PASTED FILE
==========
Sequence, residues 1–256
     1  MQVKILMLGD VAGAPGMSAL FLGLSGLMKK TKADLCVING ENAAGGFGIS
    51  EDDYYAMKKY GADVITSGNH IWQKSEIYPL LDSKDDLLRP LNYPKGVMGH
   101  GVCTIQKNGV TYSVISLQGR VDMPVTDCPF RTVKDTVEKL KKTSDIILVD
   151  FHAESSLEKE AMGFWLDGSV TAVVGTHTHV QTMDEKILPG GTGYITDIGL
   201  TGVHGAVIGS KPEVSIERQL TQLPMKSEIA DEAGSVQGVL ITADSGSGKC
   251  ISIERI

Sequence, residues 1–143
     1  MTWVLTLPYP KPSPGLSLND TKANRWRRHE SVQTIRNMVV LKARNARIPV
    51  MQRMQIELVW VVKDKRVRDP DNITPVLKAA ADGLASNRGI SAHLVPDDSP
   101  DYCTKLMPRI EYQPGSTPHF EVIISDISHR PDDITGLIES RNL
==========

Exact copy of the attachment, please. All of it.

Sequence, residues 1–256
     1  MQVKILMLGD VAGAPGMSAL FLGLSGLMKK TKADLCVING ENAAGGFGIS
    51  EDDYYAMKKY GADVITSGNH IWQKSEIYPL LDSKDDLLRP LNYPKGVMGH
   101  GVCTIQKNGV TYSVISLQGR VDMPVTDCPF RTVKDTVEKL KKTSDIILVD
   151  FHAESSLEKE AMGFWLDGSV TAVVGTHTHV QTMDEKILPG GTGYITDIGL
   201  TGVHGAVIGS KPEVSIERQL TQLPMKSEIA DEAGSVQGVL ITADSGSGKC
   251  ISIERI

Sequence, residues 1–143
     1  MTWVLTLPYP KPSPGLSLND TKANRWRRHE SVQTIRNMVV LKARNARIPV
    51  MQRMQIELVW VVKDKRVRDP DNITPVLKAA ADGLASNRGI SAHLVPDDSP
   101  DYCTKLMPRI EYQPGSTPHF EVIISDISHR PDDITGLIES RNL